If we speak about a new product that is being developed, neuro-research can be used, from the early stages, to test customers’ reactions to different names or product characteristics (such as flavor, color, texture, etc.), and/or to test different visual identities and packaging layouts. When it comes to launching the product, marketers can also test its positioning, attributes, and claims, and can compare their product performance with that of their competitors’.

Entering new markets

One of the areas where neuromarketing offers the most value is marketing over borders. Entering new and foreign markets is one of the most risky moves a company can make. That’s because even among groups with similar demographics, people’s perceptions, needs, attitudes, and buying behavior tend to vary significantly from one country to the next, shaped by different cultures and the local market situations. It is not uncommon for selling points, visuals, positions, or tag lines that work well in one country to fail or even offend in another. That’s why neuromarketing offers tremendous value to international marketers. Used properly, neuromarketing can anticipate cultural issues by highlighting differences in consumer perception that are otherwise invisible on the surface. Before entering a new market, we can measure customers’ genuine perception regarding all the elements of the marketing effort – from understanding the right positioning to choosing the right claims and assessing visual elements, along with identifying the subtle language cues that should be used or avoided in communication.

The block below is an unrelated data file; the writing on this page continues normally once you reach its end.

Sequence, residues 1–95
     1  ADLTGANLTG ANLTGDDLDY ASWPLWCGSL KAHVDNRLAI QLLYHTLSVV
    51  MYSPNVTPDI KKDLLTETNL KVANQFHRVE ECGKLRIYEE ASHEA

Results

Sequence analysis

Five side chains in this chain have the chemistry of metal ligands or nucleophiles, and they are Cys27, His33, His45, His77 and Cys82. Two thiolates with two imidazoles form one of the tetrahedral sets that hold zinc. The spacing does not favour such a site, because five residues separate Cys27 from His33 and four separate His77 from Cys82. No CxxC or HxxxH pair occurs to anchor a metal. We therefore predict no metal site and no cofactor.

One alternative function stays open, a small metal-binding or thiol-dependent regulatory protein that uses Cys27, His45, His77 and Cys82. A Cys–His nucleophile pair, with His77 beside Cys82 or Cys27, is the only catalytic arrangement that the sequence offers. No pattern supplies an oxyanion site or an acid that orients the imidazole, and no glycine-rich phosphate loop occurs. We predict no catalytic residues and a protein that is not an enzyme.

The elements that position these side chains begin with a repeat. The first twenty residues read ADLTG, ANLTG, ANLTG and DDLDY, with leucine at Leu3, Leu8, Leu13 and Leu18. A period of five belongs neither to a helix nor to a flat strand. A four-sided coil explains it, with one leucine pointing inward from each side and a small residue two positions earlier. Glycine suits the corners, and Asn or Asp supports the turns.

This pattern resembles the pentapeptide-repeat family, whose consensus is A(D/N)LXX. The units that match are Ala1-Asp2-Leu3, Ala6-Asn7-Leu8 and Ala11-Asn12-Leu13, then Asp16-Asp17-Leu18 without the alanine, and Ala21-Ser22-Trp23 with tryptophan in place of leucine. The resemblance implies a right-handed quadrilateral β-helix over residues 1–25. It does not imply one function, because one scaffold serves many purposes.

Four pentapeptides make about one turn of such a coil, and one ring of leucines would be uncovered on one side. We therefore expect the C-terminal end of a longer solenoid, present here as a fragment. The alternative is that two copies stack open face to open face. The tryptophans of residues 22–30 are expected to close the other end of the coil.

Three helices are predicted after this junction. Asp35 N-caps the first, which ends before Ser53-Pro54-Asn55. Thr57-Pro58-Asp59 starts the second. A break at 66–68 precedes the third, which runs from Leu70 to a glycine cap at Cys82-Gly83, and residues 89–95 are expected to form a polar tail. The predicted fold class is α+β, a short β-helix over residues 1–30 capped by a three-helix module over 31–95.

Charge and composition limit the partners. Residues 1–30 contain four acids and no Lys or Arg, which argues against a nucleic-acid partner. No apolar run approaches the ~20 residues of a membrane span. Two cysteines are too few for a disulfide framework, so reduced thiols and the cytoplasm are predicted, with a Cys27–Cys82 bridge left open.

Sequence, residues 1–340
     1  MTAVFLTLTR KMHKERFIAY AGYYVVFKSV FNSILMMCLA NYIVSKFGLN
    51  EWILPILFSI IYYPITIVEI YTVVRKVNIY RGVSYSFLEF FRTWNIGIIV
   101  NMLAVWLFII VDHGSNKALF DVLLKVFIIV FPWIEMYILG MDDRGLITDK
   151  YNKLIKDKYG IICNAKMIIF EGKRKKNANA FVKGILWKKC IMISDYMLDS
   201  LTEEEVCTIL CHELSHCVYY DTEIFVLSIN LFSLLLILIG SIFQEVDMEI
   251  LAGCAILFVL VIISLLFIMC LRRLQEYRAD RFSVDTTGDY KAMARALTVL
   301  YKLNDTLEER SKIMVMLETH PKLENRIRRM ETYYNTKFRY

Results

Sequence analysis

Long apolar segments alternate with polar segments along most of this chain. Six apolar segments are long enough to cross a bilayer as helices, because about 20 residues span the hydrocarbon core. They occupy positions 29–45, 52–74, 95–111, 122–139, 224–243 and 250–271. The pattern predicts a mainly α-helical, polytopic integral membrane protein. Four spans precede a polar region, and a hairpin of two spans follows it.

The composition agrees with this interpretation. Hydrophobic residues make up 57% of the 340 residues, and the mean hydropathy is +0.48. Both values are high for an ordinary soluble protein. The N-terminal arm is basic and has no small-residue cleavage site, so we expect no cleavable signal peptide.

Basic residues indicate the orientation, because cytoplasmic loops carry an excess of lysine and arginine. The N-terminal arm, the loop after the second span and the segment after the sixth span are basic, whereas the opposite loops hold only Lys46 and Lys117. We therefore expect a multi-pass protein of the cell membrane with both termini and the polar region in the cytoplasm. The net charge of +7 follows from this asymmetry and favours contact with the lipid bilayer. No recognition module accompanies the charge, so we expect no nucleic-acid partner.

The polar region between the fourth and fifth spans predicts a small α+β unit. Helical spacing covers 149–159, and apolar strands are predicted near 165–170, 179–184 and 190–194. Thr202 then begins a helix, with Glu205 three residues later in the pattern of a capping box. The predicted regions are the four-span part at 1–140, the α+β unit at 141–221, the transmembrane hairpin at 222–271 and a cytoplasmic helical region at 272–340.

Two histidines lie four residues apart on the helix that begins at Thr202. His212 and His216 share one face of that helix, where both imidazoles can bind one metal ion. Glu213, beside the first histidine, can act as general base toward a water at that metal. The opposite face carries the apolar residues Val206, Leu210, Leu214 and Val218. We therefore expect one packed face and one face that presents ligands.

Assessing current marketing efforts

If the product has already been on the market for a while and consumers are familiar with its communication, then we can test their attitude toward that brand and product. We can test the product claims and attributes to see whether they are credible and whether they belong to that brand or to the competition. We might also find attributes that are strongly linked to the category, but that don’t belong to any particular company. We can then be the first to claim them in our communication.

Predicting in-store behavior